Former President Donald Trump’s lawyer Joe Tacopina suggested in a 2018 interview that hush-money payments made to adult film star Stormy Daniels may have been illegal—statements that appear to complicate his defense of Trump as the former president could be indicted over the scheme as soon as Wednesday.
In the 2018 CNN clip, which resurfaced on Tuesday, Tacopina tells anchor Don Lemon that “if in fact” the payments were made in connection to Trump’s 2016 campaign “it’s an illegal agreement. It’s a fraud.”
Tacopina was speaking about federal prosecutors’ 2018 case against former Trump lawyer and fixer Michael Cohen, in which Cohen pleaded guilty to five charges, including campaign finance violations, for paying adult film star Stormy Daniels $130,000 in exchange for her silence about her alleged 2006 affair with Trump.
Tacopina suggested in the 2018 interview that prosecutors had reason to be suspicious about the payments to Daniels, which Cohen admitted came from a home equity line of credit, telling Lemon, “Cohen again has made statements that would give rise to suspicion for any prosecutor to say ‘that doesn’t make sense.’”
Tacopina defended his statements as “hypothetical” on Tuesday, telling Forbes “there could be problems for Trump. . . if he paid it with campaign funds,” adding that the payments were not tied to Trump’s campaign finances or made with campaign funds.
Tacopina also faces allegations of a potential conflict of interest in Trump’s case after a separate March 2018 CNN interview was unearthed last week in which Lemon asked Tacopina about his impressions of Daniels after she approached him about representing her.
In that interview, Tacopina said he could not discuss his “impressions or any conversations” surrounding Daniels “because there is an attorney-client privilege that attaches even to a consultation.”
Tacopina’s link to Daniels drew criticism last week when NYU Professor Ryan Goodman pointed out in a series of tweets that the New York and American Bar Associations’ rules of professional conduct prohibit lawyers from representing clients in cases that could have an adverse impact on a former prospective client “if the lawyer received information from the prospective client that could be significantly harmful,” according to the ABA standards.
Tacopina said Tuesday there is “zero conflict,” telling Forbes: “I have never met this lady. I never spoke with this lady. I never read a document. She called my office asking one of my associates if I would be interested in representing her in this case. . . I quickly said no” (Tacopina previously told Law & Crime one of Daniels’ representatives called his office on her behalf).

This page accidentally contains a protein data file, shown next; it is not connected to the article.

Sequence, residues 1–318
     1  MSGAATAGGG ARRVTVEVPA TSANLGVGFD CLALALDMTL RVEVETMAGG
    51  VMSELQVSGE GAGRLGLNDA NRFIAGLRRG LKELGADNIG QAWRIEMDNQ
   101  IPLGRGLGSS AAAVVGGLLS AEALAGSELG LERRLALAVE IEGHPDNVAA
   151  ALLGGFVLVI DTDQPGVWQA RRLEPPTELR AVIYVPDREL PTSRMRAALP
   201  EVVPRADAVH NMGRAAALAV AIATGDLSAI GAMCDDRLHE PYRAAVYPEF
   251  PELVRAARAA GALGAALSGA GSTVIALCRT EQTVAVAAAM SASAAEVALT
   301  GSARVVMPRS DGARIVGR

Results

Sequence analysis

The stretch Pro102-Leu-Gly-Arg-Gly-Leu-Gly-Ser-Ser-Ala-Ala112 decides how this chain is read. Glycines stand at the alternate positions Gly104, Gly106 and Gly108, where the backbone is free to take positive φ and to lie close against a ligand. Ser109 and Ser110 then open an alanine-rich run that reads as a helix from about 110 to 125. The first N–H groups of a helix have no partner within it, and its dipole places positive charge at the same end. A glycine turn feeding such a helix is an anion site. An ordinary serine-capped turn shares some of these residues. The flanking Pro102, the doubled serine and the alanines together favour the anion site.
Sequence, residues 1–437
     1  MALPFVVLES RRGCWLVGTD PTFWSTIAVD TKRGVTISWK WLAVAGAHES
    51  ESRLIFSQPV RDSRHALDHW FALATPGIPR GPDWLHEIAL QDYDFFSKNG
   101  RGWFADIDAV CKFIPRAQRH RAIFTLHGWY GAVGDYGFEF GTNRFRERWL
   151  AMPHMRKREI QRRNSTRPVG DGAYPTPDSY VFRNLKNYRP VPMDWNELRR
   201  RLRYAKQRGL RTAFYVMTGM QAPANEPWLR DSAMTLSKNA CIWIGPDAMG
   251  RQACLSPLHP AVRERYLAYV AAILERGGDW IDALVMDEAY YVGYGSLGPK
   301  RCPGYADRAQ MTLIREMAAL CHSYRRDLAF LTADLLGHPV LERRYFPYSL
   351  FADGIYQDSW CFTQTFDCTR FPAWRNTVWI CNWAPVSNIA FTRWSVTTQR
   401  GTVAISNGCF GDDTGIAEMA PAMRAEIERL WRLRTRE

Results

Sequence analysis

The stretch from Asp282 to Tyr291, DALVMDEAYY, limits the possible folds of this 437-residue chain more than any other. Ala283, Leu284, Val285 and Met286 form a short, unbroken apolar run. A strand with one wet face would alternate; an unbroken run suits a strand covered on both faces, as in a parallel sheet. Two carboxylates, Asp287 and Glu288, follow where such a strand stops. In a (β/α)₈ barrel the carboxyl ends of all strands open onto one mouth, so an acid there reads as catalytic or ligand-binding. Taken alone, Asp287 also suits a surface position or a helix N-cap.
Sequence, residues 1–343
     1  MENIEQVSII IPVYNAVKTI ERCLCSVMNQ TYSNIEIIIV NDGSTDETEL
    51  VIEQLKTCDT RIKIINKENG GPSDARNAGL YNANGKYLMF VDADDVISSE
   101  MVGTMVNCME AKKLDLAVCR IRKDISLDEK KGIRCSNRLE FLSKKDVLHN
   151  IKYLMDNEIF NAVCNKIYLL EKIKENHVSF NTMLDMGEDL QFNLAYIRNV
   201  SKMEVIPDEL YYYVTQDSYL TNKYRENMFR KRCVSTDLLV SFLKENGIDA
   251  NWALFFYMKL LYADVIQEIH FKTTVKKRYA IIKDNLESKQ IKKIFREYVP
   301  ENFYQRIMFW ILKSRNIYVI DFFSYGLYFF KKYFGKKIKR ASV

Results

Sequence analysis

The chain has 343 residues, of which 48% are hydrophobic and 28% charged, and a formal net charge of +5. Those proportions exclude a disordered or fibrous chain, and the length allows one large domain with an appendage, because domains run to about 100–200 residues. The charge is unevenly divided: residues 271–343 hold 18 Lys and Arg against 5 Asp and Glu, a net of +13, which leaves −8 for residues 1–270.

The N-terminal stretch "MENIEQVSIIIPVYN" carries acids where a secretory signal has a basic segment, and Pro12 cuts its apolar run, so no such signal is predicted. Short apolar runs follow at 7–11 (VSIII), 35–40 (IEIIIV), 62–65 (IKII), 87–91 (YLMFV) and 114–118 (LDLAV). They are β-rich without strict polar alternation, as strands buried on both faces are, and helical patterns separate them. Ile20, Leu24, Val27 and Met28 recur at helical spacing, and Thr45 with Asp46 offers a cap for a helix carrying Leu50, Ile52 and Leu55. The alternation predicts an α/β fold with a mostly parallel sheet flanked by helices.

Tacopina is representing Trump in the Manhattan District Attorney’s investigation of his role in the payments made to Daniels ahead of the 2016 election. The grand jury probing the evidence is wrapping up its work and could vote to indict Trump as soon as Wednesday—what would mark the first-ever indictment of a former president. Trump faces a possible charge of falsifying business records, since the Trump Organization reimbursed Cohen under a contract that falsely specified his services were for legal fees, federal prosecutors said in their 2018 case against Cohen. In that case, Cohen pleaded guilty to campaign finance violations after federal prosecutors determined the payments were made to sway the results of the 2016 presidential election.
What We Don’t Know
Whether Tacopina is under investigation over a potential conflict related to his ties to Daniels. The New York Appellate Court’s Attorney Grievance Committees are responsible for investigating attorney misconduct, and any complaints or investigations are not publicized until a finding is made.
Tacopina has claimed Daniels extorted Trump and cast doubt on the merits and motives of the Manhattan District Attorney’s case against his client in a series of interviews in recent weeks. Tacopina, along with Trump and his Republican allies, have claimed Manhattan District Attorney Alvin Bragg is leading a politically motivated investigation designed to hurt his prospects in the 2024 presidential election and has said that the case stands on shaky legal ground. Tacopina told Forbes on Tuesday Trump is “angry, as he should be,” because he’s being “politically persecuted.” Trump, henceforth, has denied he had an affair with Daniels.
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